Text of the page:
First, our work reflects not merely the monotony of doing what one must do to get a paycheck, but rather nearly always represents something someone has chosen to do because of a belief in its value. Thus rather than a nine-to-five job that you can leave at the office, our work is inescapably a reflection of our hopes and values – and therefore inevitably, to us, a reflection of ourselves. Consequently, the stakes of being wrong can sometimes feel rather high.
Second, the success and fate of that work is tied to a process of peer review. We need not merely please the inept boss, whose particular likes and dislikes we’ve learned to adjust for – we have to please an entire community of diverse people trained to appraise our work critically. So while officially we’re supposed to keep it professional, in reality we constantly open ourselves to criticism which can hit us in some of the most personal places. Yet, of course, we’re not supposed to show it. We keep our game faces on; or at least certainly try to.
Yet this produces a problem; when a community is based both on professionalism and peer review, it makes using a critical response as a personal weapon incredibly tempting. So not surprisingly, one of the most talked about charges that Dyson leveled at West is that in the past decade, his scholarship has been shabby or near to non-existent. Indeed, Dyson even points out, West has even gone as far as co-writing a book with a non-scholar, a professional writer rather than even a second rate pubic intellectual! It’s telling, I think, how much these criticisms read like darts hurled at an opponent: for when we accuse someone of not being true to the trade, we simultaneously imply that they have also not been true to the tribe – and thus, therefore, maybe no longer belong.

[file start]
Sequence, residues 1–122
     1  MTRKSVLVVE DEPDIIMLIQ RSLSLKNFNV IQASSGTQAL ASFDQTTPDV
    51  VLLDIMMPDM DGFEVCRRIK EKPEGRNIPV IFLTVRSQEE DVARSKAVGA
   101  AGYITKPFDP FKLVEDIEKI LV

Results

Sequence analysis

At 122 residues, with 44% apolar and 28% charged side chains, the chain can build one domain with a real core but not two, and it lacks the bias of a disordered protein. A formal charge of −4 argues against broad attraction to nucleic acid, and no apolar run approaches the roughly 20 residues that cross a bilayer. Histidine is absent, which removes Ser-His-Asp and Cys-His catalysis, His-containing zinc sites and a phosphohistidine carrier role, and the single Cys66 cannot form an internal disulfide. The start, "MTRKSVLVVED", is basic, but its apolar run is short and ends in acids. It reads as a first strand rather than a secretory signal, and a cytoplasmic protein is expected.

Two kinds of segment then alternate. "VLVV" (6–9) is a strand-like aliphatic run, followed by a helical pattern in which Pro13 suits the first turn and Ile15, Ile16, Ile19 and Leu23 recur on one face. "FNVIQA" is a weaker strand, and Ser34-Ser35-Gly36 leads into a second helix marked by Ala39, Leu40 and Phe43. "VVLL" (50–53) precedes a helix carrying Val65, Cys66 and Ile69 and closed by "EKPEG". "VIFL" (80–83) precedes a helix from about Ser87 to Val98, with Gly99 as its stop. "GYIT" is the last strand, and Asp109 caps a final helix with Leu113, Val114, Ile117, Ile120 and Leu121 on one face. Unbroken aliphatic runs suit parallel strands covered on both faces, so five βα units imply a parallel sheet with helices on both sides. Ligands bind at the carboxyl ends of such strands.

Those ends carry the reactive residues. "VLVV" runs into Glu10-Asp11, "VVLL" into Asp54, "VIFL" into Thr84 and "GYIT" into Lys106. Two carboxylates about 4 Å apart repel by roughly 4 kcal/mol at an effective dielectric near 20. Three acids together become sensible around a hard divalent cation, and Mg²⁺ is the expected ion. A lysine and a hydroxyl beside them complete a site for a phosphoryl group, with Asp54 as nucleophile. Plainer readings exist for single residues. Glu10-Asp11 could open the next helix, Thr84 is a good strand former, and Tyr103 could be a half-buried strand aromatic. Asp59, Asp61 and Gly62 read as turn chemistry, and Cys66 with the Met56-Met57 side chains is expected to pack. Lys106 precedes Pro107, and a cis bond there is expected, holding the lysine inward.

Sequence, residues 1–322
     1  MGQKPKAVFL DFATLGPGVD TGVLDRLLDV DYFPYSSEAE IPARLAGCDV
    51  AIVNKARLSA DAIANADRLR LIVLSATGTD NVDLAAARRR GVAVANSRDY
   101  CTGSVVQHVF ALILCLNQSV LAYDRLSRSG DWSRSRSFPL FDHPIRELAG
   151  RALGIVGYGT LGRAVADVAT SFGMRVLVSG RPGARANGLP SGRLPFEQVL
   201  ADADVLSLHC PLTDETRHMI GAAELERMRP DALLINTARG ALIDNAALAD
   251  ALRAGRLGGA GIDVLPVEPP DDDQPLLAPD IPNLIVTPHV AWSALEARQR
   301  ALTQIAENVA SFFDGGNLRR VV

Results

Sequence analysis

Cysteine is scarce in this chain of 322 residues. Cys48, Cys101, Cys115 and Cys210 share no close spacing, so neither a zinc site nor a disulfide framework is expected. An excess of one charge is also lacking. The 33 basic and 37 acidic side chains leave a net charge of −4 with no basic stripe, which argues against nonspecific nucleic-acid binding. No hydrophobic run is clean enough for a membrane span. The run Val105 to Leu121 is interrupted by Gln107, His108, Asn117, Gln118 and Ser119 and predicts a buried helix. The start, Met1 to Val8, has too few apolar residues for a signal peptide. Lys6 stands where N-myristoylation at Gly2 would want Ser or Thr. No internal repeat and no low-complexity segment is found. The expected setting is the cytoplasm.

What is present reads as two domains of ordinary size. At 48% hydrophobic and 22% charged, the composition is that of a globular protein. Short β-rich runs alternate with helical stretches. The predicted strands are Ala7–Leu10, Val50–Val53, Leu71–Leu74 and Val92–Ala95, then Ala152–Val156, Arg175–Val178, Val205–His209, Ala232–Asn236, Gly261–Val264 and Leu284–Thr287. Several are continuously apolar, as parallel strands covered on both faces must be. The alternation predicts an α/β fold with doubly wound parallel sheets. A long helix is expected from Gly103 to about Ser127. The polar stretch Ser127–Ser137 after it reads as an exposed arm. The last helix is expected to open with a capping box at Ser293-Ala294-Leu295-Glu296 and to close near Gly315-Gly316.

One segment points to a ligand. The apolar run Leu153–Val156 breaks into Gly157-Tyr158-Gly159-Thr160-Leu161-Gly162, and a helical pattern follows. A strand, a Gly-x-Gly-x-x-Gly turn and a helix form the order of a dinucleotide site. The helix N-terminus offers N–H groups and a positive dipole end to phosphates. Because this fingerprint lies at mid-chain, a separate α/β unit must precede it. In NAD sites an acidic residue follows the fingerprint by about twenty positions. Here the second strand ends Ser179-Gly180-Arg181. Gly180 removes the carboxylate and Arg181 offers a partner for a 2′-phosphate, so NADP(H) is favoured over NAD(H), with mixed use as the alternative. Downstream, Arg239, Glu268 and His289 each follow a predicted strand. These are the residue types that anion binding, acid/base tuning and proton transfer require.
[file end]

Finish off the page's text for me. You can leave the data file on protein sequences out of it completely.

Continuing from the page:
Often, I think, such dynamics operate on the level of the unconscious. If it were always obvious to us, after all, what our motivations are, we would not have nearly so much trouble untangling them. The ambiguity then of what is going on between fellow scholars is not a question of any particularly high proportion of us being consciously willing to wield criticism for personal reasons, but rather the unavoidable conclusion that knowing when you’re being critical and when you’re being personal can actually be hard to discern, and requires a decent amount of not-always-pleasant introspection. Indeed, at the end of the day, the best we can do is try to keep abuses of critical practice in reasonable check, since the personal, the political, and the scholarly probably can’t ever be entirely separated. (Nor would we want them to be.)
Nonetheless, the halls of academia can be rather confusing, sometimes, to navigate. (Sometimes literally.) And I offer no brilliant solution for these problems. Yet on the whole, it often seems preferable to me to allow ourselves our humanity and pursue being open and honest rather than polite and proper; after all, our entire selves are dragged in to intellectual spaces along with our thinking selves, whether we want them there or not. If we accept this, maybe it can help all of us be a little more candid and patient not merely with one another, but with ourselves.